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“Work hard, play hard” and “fruit basket” – applicants can no longer hear these phrases

2024-02-24T04:32:58.379Z

Highlights: New data collected by the e-learning platform “Preply’. Based on a survey of 1,000 German office workers, the platform examined how the choice of words in job advertisements affects the perception of a company. It was found that companies that advertise with annoying phrases leave a negative impression on the majority of those surveyed (66 percent) “Work hard, play hard” and “fruit basket” – applicants can no longer hear these phrases. “Beyond the 9-5 mentality”: What sounds like flexibility actually often means overtime and weekend shifts.



As of: February 24, 2024, 5:26 a.m

By: Laura Hindelang

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Instead of describing the job in detail, many job advertisements consist of empty words.

Some of these phrases immediately scare applicants away.

In times of a shortage of skilled workers, new employees are highly competitive.

But instead of a four-day week or home office, many companies still entice people with the long-defamed fruit basket.

All too often, the job advertisements are similar: they consist of a series of vague phrases or anglicisms that are supposed to make a company seem cool and hip - but in reality scare away many applicants.

This is shown by new data collected by the e-learning platform “Preply”.

Based on a survey of 1,000 German office workers, the platform examined how the choice of words in job advertisements affects the perception of a company.

Job advertisements that deter applicants

It was found that companies that advertise with annoying phrases leave a negative impression on the majority of those surveyed (66 percent).

In the group of 16-24 year olds, 71 percent were put off by standard formulations.

Job advertisements full of technical jargon, anglicisms and vague expressions do not leave a good impression on applicants.

© Rüdiger Wölk/Imago

The three expressions that scare off the most interested parties are:

  • “Work hard, play hard”: 32 percent consider this phrase to be overused.

    The term is particularly poorly received by the 45-54 age group: 48 percent find the term disturbing.

  • “All-rounder”: Companies want multi-talented people who can be used flexibly.

    26 percent think nothing of it.

  • “Beyond the 9-5 mentality”: What sounds like flexibility actually often means overtime and weekend shifts.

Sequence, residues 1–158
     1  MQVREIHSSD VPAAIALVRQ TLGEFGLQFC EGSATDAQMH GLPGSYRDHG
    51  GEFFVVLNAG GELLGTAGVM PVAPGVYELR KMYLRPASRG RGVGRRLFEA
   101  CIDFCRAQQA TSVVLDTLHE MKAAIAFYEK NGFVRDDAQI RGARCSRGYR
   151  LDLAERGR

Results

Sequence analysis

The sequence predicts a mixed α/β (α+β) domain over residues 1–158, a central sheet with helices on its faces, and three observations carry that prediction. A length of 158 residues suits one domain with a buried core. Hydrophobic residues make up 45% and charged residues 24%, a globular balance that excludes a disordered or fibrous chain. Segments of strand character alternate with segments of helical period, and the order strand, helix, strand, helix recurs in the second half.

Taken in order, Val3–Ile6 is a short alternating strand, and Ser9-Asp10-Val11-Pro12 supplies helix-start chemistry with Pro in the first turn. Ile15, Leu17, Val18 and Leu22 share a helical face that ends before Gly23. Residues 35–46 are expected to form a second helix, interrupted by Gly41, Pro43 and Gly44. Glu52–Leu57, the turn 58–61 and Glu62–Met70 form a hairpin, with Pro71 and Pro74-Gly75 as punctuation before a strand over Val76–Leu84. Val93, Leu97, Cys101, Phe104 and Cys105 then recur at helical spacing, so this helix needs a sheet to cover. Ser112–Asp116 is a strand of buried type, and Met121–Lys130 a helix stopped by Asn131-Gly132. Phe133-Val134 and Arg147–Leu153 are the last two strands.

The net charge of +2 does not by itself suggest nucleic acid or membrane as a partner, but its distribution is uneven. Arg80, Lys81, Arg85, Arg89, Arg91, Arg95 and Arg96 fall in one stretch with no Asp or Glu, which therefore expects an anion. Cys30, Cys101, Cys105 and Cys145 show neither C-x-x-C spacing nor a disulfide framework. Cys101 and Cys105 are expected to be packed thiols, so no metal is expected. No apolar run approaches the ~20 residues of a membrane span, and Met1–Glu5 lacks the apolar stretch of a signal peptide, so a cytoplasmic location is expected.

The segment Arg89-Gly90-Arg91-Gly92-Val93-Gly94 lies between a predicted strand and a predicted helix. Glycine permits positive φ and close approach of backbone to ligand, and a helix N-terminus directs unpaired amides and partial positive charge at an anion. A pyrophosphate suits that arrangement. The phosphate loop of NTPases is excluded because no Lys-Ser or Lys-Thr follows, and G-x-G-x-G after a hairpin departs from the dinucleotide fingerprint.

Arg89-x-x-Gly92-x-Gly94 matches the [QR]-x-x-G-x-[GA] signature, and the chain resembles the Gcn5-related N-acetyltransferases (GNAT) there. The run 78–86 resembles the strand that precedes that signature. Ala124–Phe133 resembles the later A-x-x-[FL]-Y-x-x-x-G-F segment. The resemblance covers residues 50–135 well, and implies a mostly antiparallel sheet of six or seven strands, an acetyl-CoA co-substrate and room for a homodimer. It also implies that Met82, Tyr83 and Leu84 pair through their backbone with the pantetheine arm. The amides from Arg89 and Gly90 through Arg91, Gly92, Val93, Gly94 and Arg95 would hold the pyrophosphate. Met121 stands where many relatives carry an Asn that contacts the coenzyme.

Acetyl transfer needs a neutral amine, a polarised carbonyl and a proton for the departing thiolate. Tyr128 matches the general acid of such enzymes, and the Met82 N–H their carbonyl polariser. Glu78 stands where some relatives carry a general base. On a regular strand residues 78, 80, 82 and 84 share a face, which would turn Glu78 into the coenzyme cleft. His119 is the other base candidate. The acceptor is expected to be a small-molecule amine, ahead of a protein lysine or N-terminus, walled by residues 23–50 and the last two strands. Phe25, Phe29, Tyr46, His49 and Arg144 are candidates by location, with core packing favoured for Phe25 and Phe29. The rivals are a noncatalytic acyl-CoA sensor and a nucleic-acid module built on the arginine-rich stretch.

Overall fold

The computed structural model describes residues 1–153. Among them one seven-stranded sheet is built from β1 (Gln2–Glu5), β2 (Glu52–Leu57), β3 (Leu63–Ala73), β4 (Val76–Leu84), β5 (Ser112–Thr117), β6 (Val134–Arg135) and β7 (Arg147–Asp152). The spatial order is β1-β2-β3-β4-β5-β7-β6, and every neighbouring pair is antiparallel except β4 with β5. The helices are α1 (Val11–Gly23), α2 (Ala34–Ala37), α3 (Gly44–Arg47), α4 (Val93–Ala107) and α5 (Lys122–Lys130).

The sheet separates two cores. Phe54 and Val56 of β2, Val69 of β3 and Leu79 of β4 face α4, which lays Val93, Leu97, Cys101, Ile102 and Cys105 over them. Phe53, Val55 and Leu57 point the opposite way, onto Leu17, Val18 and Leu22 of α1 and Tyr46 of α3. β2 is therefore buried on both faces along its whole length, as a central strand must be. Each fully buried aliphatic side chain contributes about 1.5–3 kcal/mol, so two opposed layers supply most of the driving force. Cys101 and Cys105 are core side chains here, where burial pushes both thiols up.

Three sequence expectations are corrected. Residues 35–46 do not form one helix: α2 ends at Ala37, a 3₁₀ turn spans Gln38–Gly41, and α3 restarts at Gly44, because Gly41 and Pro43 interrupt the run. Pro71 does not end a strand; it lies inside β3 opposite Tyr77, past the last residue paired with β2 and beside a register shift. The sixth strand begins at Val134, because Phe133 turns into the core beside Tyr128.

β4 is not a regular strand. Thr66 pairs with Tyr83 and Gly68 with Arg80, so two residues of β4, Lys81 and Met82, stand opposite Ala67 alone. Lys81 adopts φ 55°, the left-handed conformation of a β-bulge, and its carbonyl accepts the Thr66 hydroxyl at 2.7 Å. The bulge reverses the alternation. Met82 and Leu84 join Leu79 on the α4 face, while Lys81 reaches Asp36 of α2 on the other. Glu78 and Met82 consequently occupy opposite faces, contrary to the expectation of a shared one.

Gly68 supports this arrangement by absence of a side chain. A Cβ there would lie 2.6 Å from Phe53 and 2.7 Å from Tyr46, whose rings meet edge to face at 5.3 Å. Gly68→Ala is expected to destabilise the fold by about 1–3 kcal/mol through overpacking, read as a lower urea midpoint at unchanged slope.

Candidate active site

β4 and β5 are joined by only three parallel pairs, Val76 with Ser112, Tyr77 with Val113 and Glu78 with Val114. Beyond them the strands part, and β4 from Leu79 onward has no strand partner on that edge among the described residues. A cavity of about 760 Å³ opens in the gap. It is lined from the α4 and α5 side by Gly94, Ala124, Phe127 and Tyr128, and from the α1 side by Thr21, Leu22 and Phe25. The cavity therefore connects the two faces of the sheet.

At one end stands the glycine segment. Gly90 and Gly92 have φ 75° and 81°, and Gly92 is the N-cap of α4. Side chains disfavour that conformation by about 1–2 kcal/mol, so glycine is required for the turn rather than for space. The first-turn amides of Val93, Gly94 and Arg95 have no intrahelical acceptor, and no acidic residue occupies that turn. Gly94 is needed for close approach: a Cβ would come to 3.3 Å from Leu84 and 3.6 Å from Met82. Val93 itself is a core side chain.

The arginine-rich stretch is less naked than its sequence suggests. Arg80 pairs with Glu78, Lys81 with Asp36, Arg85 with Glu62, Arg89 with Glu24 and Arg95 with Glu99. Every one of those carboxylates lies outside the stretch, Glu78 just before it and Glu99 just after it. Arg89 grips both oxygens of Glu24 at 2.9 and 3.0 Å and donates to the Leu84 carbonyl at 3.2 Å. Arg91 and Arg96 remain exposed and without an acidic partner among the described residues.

25 percent of the study participants perceive the term as negative.

The respondents also rated the following phrases as disturbing:

  • “Stress-resistant” (24 percent)

  • “Ability to work under pressure” (23 percent)

  • “Fruit basket” (22 percent)

  • “Out of your comfort zone” (21 percent)

  • “Real tacklers” (21 percent)

  • “Career maker” (21 percent)

  • “Multitasking” (19 percent)

  • “Great team” (18 percent)

  • “Hands-on mentality” (18 percent)

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Applicants have little use for job descriptions that use such expressions.

Instead, they want more clarity, as a survey by the job portal “ meinestadt.de ” showed last year.

Of 3,000 employees, 58.2 percent said that listing the work content was particularly important to them.

50.2 percent would like information about the security of the job offered and 49 percent want to know what the salary is.

Anglicisms in job advertisements leave question marks

Empty phrases such as the “dynamic working environment,” which, according to analyzes by “ Meinestadt.de ” and “ Preply ,” is mentioned particularly frequently in job advertisements, leave room for interpretation.

Whether this means the ability to work from home or the fact that employees quit every week often only becomes clear when you are part of the company yourself.

Don't miss out: You can find everything about jobs and careers in the regular career newsletter from our partner Merkur.de.

Terms that come from English also cause question marks.

Older generations in particular are unfamiliar with many Anglicisms, which means that job advertisements are not understood or create false expectations.

The “hands-on mentality” refers to a person who shows initiative and acts immediately.

However, 25 percent of those surveyed by “Preply” do not know the term, and in the age group 45 and over the figure is even a third.

The right choice of words makes job and employee searches easier

22 percent cannot do anything with a working life “beyond the 9-5 mentality”.

The 9-5 work rhythm was an invention of US unions and its basic features date back to the 19th century.

Nowadays it is often used to describe the monotonous everyday working life.

What lies beyond this is probably up to the discretion of each individual company.

Well-chosen words that get to the core of the job offer can inspire potential applicants for a particular position and the company.

“They give a first impression of the culture and values ​​that the company embodies,” says Sylvia Johnson, language expert at Preply.

For example, words like “development,” “career development,” and “learning” could attract employees looking for growth opportunities within a company.

The preponderance of annoying phrases, however, makes it almost impossible for applicants to get a realistic idea of ​​the work.

And the off-putting standard expressions also make it difficult for companies to find employees.

Companies should therefore make more effort and formulate their job offers more clearly and individually.

Source: merkur

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